5 February 2019
The Democratic Republic of Congo (DRC) has been affected by several armed conflicts in recent decades. Political tensions, the proliferation of armed groups and the involvement of foreign countries have contributed to the deterioration of the situation and have prevented the possibility of reaching a peaceful settlement of these conflicts. The regions that have been most affected are Kivu, Kasai, and Ituri, although violence is widespread and affects the whole country.
In this context, and according to international humanitarian law criteria, the Congolese armed forces (FARDC) are engaged, with the support of the United Nations Organization Stabilization Mission in the Democratic Republic of the Congo (MONUSCO), in several non-international armed conflicts (NIACs) in Kivu, Kasai and Ituri.
Our Rule of Law in Armed Conflict Online Portal (RULAC) provides a detailed analysis and legal classification of these conflicts, including information about parties.
At least 100 armed groups are active in Kivu, in particular, the Allied Democratic Forces (ADF) and the Mai-Mai Yakutumba.
‘In light of their degree of organization and the intensity of violence between the FARDC and these two armed groups, we concluded that at the moment the DRC Government is involved in at least two NIACs in Kivu, one with ADF and the other with Mai-Mai Yakutumba’ explains Dr Chiara Redaelli, Research Fellow at the Geneva Academy.
‘As for the other armed groups, we cannot conclude with certainty that they are party to NIACs against the FARDC due to the paucity of specific and reliable information regarding armed confrontations and their organization.
ADF was founded in Uganda in 1989 and is based in the mountains between Uganda and the DRC. It operates mainly in the Kivu region, specifically around the town of Beni, where it has been conducting attacks against both the state armed forces and the civilian population‘ stresses Dr Redaelli.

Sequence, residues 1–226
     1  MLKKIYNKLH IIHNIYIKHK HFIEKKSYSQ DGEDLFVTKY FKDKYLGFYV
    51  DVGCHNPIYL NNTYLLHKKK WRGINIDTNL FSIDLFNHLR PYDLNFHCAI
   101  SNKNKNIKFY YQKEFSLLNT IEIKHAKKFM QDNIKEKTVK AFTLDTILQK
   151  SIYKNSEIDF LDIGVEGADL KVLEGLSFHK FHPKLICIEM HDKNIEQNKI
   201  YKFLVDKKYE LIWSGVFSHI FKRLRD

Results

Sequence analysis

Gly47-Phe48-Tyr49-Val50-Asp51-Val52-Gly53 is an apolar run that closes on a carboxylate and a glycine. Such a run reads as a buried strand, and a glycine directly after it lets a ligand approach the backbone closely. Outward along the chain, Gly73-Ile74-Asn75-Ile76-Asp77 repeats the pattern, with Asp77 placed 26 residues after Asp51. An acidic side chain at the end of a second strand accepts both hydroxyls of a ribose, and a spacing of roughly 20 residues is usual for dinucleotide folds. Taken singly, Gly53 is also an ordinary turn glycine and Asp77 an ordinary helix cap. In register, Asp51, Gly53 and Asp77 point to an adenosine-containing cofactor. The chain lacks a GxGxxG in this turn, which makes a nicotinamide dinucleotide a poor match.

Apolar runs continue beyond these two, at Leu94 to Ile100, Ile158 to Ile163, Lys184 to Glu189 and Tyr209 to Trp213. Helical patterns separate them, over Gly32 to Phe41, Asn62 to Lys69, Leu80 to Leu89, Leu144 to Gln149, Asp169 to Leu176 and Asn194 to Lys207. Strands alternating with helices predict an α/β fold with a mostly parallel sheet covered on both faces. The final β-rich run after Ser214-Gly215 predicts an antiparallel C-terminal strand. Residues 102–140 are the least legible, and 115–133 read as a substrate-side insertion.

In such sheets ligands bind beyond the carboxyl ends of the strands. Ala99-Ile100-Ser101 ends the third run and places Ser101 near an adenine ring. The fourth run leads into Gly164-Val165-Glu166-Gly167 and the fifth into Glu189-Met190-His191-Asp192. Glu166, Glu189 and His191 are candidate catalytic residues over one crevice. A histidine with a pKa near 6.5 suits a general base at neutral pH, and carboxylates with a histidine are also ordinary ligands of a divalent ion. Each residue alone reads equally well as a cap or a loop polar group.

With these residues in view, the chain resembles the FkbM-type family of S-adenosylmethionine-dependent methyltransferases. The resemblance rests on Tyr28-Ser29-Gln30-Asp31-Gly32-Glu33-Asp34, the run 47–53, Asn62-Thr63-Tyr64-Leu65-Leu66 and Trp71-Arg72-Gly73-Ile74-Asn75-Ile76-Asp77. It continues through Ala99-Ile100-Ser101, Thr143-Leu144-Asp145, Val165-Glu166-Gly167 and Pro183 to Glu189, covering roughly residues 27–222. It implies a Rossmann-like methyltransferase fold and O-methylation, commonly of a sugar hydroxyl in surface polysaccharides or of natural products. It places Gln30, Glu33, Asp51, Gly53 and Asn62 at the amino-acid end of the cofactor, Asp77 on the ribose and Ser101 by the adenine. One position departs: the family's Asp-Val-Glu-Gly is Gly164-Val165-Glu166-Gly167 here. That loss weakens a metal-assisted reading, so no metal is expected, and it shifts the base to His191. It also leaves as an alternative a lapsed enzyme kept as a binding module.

Mai-Mai Yakutumba was founded in 2007 with the primary objective to protect the Bembe community from other communities based in the region. Observers estimate that the militia is composed of a few hundred members, whose vast majority belongs to the Bembe community, based in the Fizi territory in South Kivu.
The Kamuina Nsapu armed group has been engaged since 2016 in armed confrontations against the government, triggering a conflict that is having a dramatic impact on the civilian population.
Violence between the rebel group and the government escalated between 2016 and the beginning of 2018. However, armed confrontations were more sporadic in the following months.
‘Although the intensity of violence between the government and the armed group has decreased, this does not imply that the conflict is over and that IHL ceases to be applicable. Indeed, a non-international armed conflict continues until a peaceful settlement is achieved Yakutumba’ underlines Dr Chiara Redaelli.
‘Accordingly, IHL continues to be applicable regardless of the oscillating intensity of violence, thus even when the intensity requirement is not met for a certain amount of time’ she adds.
The Front for Patriotic Resistance in Ituri (FRPI), founded in 2002, is the main armed group active in the Ituri province. Its members are Ngiti, one of the ethnic groups in Ituri, and are estimated to number roughly 1,000.
The group was initially led by Germain Katanga, who was brought to before the International Criminal Court in 2006, where he was convicted of war crimes and crimes against humanity in 2014.